I was sorting out my preparation notes for my presentation at Invest X Congress on Saturday and found an article published in Channel NewsAsia which I printed out on 10 June 2014, just 4 days before the event.
I had meant to share this at the event but I totally forgot about it. It was in my folder all along. Growing old and forgetful. I consoled myself by saying that even if I had remembered, I wouldn't have had the time to talk about it. Anyway, I will talk about it in my blog.
The article was about business trusts and it said that "dividend yield payouts are a key factor to consider."
Then, a consultant went on to say "If you want to invest in business trusts, you shouldn't be looking so much at capital gain... your objective is more dividend yield. Prices do come down, but you actually still get your dividend yield.
"As of today, we're looking at some business trusts giving more than 10 per cent yield, of course at higher risk, but if you think that the risk is manageable, it's actually quite attractive at this point in time."
I wrote a few reminders to myself:
1. Dividend payouts are a key factor to consider, not the only factor. Indeed, it is not the only key factor either. Note that they used the indefinite article "a" and not the definite article "the". We have to look at other factors too. For example, how highly geared is the business trust. What kind of debts does it have and how are they structured?
2. When we invest in business trusts or in any asset with an eye to generate income, we should also keep an eye on possible capital gain or loss. It is possible to have our cake and eat it too which is sweet. It is also possible that we could lose a big chunk of our capital even as the investment distributes money regularly to shareholders.
3. If we say that we still get our dividend yield even if prices were to fall, it would be true if we were to base our calculations on our entry prices. Well, we can do this if it matches our motivation for being invested. However, doing this is not useful in helping us to decide whether to buy more or to sell some. We should look at the yield on our investment based on current day prices so that we can manage our capital more efficiently.
4. Does it make sense to invest in a business trust that delivers a constant dividend yield on our cost while its unit price keeps dropping over time? Could it be that we are taking back our own money? So, is the dividend actually a partial return of capital? So, we have to ask if the business trust is becoming less valuable over time? Prices do come down and even if we still get our dividend yield, we have to ask why.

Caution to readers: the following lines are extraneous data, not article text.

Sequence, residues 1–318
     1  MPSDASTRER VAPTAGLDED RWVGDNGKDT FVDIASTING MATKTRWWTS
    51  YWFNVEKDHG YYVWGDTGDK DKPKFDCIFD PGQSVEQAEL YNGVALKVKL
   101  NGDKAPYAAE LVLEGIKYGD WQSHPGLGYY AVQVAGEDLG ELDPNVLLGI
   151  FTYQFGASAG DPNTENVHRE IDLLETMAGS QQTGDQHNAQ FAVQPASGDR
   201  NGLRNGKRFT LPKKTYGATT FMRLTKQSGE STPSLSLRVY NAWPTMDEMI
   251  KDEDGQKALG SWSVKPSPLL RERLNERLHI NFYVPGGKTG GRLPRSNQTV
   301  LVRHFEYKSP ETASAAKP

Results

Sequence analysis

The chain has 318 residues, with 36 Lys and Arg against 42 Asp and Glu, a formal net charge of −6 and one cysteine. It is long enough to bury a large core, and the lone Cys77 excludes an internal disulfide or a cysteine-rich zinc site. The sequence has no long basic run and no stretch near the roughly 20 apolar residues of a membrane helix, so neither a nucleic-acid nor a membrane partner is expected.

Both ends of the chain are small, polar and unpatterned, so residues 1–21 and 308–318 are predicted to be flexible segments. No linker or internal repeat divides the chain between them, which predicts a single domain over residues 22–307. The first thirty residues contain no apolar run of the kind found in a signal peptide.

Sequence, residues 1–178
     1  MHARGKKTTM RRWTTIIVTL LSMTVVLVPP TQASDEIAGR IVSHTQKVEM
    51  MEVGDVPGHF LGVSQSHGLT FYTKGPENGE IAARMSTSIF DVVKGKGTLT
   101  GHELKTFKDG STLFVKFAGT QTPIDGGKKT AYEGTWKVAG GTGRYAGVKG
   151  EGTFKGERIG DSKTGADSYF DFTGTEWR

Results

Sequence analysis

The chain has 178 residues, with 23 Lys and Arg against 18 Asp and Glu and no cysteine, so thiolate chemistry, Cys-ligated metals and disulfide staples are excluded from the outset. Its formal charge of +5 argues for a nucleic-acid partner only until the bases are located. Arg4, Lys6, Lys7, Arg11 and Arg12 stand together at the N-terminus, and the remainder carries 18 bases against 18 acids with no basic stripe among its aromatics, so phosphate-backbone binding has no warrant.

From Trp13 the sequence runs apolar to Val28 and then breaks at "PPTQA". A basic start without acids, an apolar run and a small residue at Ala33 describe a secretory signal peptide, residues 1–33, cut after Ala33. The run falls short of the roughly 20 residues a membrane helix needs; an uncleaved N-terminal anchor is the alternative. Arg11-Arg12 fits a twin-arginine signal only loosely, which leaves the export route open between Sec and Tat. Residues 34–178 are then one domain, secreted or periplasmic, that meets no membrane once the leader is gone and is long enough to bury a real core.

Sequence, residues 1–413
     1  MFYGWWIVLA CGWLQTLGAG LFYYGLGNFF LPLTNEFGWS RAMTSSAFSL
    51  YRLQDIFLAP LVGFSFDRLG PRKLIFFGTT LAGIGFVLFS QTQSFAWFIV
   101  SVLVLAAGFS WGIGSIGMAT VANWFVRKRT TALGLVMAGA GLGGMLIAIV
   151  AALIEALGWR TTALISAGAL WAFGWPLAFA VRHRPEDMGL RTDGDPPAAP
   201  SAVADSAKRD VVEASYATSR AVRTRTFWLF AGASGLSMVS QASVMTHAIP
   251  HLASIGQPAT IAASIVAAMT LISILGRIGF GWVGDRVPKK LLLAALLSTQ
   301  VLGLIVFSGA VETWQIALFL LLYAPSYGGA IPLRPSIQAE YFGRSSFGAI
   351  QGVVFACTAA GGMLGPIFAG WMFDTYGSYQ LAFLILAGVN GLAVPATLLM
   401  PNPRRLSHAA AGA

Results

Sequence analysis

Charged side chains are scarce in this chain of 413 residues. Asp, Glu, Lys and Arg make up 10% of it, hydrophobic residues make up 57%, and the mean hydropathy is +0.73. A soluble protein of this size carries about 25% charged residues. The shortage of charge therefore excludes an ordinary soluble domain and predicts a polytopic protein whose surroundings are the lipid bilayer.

5. When something is riskier to invest in, we should demand a higher yield to compensate for the risk which we are asked to undertake. How do we know if the yield sufficiently compensates for the higher risk? How do we know if the risk is manageable? Is the investment within our circle of competence to make such a call? So, although the consultant says that there are riskier business trusts available that offer more than 10% in dividend yield which is attractive at this point in time, we have to decide if these are suitable for us.
|Motivations and methods in investing.|
Understand also that what risk is acceptable now might not be acceptable in the future. So, to make things simpler, it might be a good idea to simply to go for investments which have much lower levels of risk and yet deliver decent dividend yields to shareholders.
When we invest for income, we must have certainty of regular distributions. Ideally, the dividend paid out regularly to shareholders should be sustainable and our capital should stay intact. It is about the investment having good fundamentals and it is about us getting in with a margin of safety.
When we read any investment related publication, it is important to do so with a questioning mind. Don't take anything anyone (including me, of course) say at face value.
1. Invest X Congress: Q&A.
2. Rickmers Maritime Trust: 1 for 1 rights.
3. CitySpring Infrastructure Trust: Rights issue.
4. K-Green Trust: A bad investment?
5. High yields: Successes, failures and the in-betweens.
6. HPH Trust: Storm clouds over a safe harbour?
7. Croesus Retail Trust and Perennial China Retail Trust.
8. Portfolio review: Unexpectedly eventful.